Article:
So here we are with another year passing us by and searching for meaning. We veterans know who, what and why we are considered veterans. In general, those who have served in the U.S. Military are veterans. However, title 38 of the Code of Federal Regulations defines a veteran as “a person who served in the active military, army, navy, or air service and who was discharged or released under conditions other than dishonorable”.
This definition explains that any individual that completed a service for any branch of armed forces classifies as a veteran as long as they were not dishonorably discharged. The most important thing to understand is veteran status. This is very important to the veteran but has no meaning to the general public. When the veteran is released from his military obligations he or she may be entitled to earned benefits, post military. At this point in time the veteran should locate the nearest “Veterans Administration” office and register any service related situation with a Veterans Advocate. Here also, he will receive information and advice as to what he may be entitled to. He will display his DD214 and perhaps show his military service and medical records. The veteran will be guided from there.
Now let’s take a look at how a veteran began and a little history of the veteran’s origin. In this country the making of a veteran basically began in 1775. This was the beginning of the Revolutionary War. This war began on April 19, 1775, and didn’t end until April 3, 1783; eight long years. We were a young country seeking freedom from mother Great Britain. She didn’t want to let us go so war ensued. The war was fought and won, but at great cost. We lost nearly 70,000 soldiers in this conflict. On the third day of April in 1783 our first veteran was born.
On April 12, 1861, the Civil War had begun. Before it was to end we would lose 364,511 Union soldiers and another 260,000 Confederates. History tells us that loved ones went to the killing fields to claim the bodies of their loved ones. This war ended on April 12, 1865. More veterans were created. They claim 25 percent of those who fought did not survive.
July 28, 1914, World War I began which took the lives of 116,708 and left 204,000 wounded. This ended on November 11, 1918. We were now getting familiar with the word “Veteran”. On September 1, 1939, World War II began and before it was to end 670,846 died and 405,399 were wounded. Those remaining became the new “Veterans”. Next came Korea on June 25, 1950, until July 27, 1953. This was long enough to allow 40,000 to die and 100,000 to be wounded.
Would you know it, we decided the country of Vietnam needed to be free from Communism. This was on November 1, 1955, and ended April 30, 1975. This involved Cambodia and Laos. We spent 20 years trying to change Vietnam but failed in our attempt. However, we did create more “Veterans”. I guess we didn’t have enough so we went to the aid of Afghanistan on October 7, 2001, to August 30, 2021. This would be another 20-year war which cost us 2,456 American lives. There were 20,752 of America’s finest wounded. Also this war led to many U.S. soldiers committing suicide. Currently, I don’t know why our troops were so affected by this particular war. I am currently searching for answers to that dilemma. In any case, we ended up with more “veterans”. The last one that I will mention is the Gulf War, which runs from August 2, 1990, to February 28, 1991. Two hundred nineteen men and women died, more “veterans”. There were other skirmishes that I haven’t addressed and my figures are only a good approximate; they are close enough for purposes of this article. I guesstimate around 1,520,226 deaths and approximately five times that in wounded. That’s a lot of sons, daughters, mothers, fathers, brothers and sisters as well as others sacrificing to keep us and others free. So we have a million and a half posthumous veterans and many millions more who were lucky enough to make it home. Home is the key word and it’s still free and safe thanks to veterans; we continue to keep conflict off of our shores.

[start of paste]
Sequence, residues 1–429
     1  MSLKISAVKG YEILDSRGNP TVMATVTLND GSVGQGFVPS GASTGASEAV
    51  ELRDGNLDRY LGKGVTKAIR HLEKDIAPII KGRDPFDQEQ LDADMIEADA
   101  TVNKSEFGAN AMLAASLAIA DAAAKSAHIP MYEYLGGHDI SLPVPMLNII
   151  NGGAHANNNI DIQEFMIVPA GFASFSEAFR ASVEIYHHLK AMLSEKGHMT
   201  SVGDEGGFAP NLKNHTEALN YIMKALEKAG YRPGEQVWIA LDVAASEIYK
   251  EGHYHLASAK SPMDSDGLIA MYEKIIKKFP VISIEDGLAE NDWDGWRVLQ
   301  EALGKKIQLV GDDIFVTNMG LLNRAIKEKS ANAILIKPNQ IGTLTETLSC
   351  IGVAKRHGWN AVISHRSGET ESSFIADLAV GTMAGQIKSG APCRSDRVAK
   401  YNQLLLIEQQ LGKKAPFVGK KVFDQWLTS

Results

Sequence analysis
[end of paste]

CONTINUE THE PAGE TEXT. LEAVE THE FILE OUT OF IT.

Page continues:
Believe me, if we didn’t have veterans we would be speaking another language by now. When will we and the world learn to live and let live? Greed and corruption continue to take the front seat and so we must continue to create “veterans”. I am a veteran, yet every night I pray for those in harm’s way, especially our veterans. My time has come and gone as is the case of thousands of others. We must rely on the strength of others now, as they will eventually do. At this point in time it’s the way of things. We need to pray for a world of peace. Until that time, God Bless our future veterans. Pray for them; thank them for serving our country and for watching over us. God Bless our veterans and God Bless America.
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